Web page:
Have you been around people who constantly want to gossip and make private accusations against your pastor? You may not think it’s that big of a deal or you may just pass them off as having a rude personality, but have you considered that it’s sinful?
Paul wrote in 1 Timothy 5:19 – “Against an elder receive not an accusation, but before two or three witnesses.” The office of an elder (pastor) is one that must be respected. God has called that person to that office and anyone who has an accusation against that man must be extremely careful in how that accusation is carried out. The Devil uses false accusations to harm pastors and their ministries, therefore, when a pastor is confronted with a sin it must be handled very carefully.
BEWARE: The one who accuses the pastor must do so in the proper manner. Paul said that accusations are to be made against a pastor in his presence with two or three witnesses. This is to be done in order to provide accountability and protection for the pastor in such accusations. This allows for the accusation to be heard, investigated, and substantiated before it goes before the entire church.
This statement by Paul completely outlaws accusations that are made privately in the form of gossip, text messages, e-mails, anonymous blogs, or over the phone behind the pastor’s back. Those types of accusations are nothing more than slanderous attacks against the office of elder (pastor) and God takes that type of thing very seriously. That is why Paul speaks of this in 1 Timothy 5:19.
John MacArthur writes:
There are always people eager to falsely accuse a man of God. They may do so because they resent his calling, reject his teaching, resist biblical authority, resent virtue, or are jealous of the Lord’s blessing on his life. Ultimately, however, they demonstrate by making such accusations that they have become messengers of Satan. Such false accusations are one of his most dangerous weapons. Joseph, Moses, David, Jeremiah, Nehemiah, and our Lord Jesus Christ all suffered from false accusations (The MacArthur New Testament Commentary, 1 Timothy, 221).
Hebrews 13:17 says, ” Obey them that have the rule over you, and submit yourselves: for they watch for your souls, as they that must give account, that they may do it with joy, and not with grief: for that is unprofitable for you.” It is an unprofitable thing to reject and undermine the leadership of your pastor according to the writer to the Hebrews. Anyone who seeks to gossip against or attack their pastor behind his back should be viewed as one who is in clear violation of God’s Word and a tool of Satan.
1 Thessalonians 5:12-13 says, “And we beseech you, brethren, to know them which labour among you, and are over you in the Lord, and admonish you; And to esteem them very highly in love for their work’s sake. And be at peace among yourselves.” Again, we see that the pastor should be esteemed (respected) highly in love because of the work he is called to do. What work? The work of laboring in Word and doctrine and shepherding the flock of God.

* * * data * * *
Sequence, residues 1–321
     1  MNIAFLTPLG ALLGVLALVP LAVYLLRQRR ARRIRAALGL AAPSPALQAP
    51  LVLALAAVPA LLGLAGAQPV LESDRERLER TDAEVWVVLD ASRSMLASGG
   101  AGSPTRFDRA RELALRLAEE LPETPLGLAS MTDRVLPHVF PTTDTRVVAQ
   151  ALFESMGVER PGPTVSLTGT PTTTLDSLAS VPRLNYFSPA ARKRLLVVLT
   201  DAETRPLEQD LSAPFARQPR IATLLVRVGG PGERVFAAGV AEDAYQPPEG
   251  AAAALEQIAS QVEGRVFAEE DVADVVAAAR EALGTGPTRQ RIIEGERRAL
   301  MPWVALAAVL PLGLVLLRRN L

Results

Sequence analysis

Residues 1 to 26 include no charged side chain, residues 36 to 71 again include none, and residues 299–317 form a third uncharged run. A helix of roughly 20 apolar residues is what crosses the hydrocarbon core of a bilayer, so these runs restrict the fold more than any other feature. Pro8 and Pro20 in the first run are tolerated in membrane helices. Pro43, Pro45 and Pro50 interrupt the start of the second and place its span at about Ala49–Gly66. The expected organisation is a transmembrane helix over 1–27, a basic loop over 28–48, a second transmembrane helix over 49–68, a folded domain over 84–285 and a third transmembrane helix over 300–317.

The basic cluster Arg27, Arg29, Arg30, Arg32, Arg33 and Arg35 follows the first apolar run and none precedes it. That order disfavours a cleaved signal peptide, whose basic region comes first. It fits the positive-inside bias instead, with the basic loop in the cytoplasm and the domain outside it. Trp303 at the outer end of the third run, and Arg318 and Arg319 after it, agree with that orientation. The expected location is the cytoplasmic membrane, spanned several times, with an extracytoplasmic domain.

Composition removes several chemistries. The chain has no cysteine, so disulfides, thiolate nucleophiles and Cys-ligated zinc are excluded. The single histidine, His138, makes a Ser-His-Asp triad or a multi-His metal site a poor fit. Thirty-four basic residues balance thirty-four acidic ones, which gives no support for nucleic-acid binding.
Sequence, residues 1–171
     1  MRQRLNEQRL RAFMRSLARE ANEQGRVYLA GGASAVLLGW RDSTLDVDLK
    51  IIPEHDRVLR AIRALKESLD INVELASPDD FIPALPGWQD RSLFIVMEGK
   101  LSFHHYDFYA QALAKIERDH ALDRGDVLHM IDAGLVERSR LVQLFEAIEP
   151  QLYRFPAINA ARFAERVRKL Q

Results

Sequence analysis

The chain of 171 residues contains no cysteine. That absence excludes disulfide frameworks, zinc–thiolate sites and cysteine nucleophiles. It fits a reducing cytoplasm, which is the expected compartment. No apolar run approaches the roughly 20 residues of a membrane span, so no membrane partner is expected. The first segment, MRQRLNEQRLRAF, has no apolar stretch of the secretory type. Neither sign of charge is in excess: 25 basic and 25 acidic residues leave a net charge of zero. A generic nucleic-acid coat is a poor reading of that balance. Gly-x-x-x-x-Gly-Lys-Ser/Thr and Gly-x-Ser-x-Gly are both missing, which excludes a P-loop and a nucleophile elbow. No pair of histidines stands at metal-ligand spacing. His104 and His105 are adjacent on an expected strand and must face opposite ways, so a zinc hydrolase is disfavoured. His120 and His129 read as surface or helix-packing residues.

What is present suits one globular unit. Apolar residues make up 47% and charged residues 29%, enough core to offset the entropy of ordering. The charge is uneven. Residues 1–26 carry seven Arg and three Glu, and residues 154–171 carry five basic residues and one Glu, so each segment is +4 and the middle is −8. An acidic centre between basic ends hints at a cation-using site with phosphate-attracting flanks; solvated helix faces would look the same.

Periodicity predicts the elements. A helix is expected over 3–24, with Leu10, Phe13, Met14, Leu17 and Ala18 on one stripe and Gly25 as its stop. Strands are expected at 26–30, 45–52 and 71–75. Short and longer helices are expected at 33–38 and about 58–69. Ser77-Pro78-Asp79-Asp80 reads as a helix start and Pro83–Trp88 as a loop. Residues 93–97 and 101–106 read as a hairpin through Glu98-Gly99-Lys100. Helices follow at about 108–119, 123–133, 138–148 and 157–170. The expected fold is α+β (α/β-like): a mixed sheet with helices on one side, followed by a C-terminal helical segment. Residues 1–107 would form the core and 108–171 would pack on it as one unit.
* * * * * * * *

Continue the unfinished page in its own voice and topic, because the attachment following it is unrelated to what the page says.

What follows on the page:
BEWARE: The one who accepts accusations against their pastor must do so in the proper manner. According to 1 Timothy 5:19 – the elder (pastor) is to be accused before two or three witnesses – not in a private conversation behind his back. Therefore, any member of the church or leader in the church who accepts an accusation against their pastor in a private setting without hearing it before the pastor himself is guilty of sin. Why did God put these things in Paul’s heart as he wrote 1 Timothy? As Paul was writing to his young preacher named Timothy – he wanted to inform him of how pastors are to be accused of wrongdoing. Paul understood that the wolves would come out in opposition and attack the pastor who truly labors in the Word. So, he placed some guidelines for how a pastor is to be accused in order to prevent false gossip, the rumor mill, and wolves who have a thirst for blood from bringing an attack against their pastor that could destroy his ministry.
Therefore, it goes without saying, that if a pastor has sinned or done wrong, he should be confronted. This confrontation should be done in the proper manner. If the pastor does not repent, the accusation should be presented before the church in order to further admonish him and call for him to repent. If at that point, the pastor still does not repent, the church should move through their proper steps of removing him from serving since he has a hard heart and is unwilling to repent of his sin.
To confront your pastor of sin is a very serious charge and should be taken extremely seriously. No person should be on a campaign to constantly confront their pastor of wrongdoing unless their is absolute clear evidence of sin. Those people in the church who are constantly on a slander attack against their pastor should likewise be held to the standards of discipline found in Matthew 18. If they refuse to repent, they should be excommunicated from the church in order to protect the purity of the church and the office of the pastor. This should be done with the utmost care and respect – and in both cases – it should be done with a goal of restoration.
Therefore, true believers should work together, worship together, pray for one another, help one another and have the unity of the Spirit and the bond of peace that comes through Jesus Christ. The church should always watch and beware of attacks against their pastor and against one another because the wicked one is always looking to stir up confusion and harm the ministry of Christ in the community.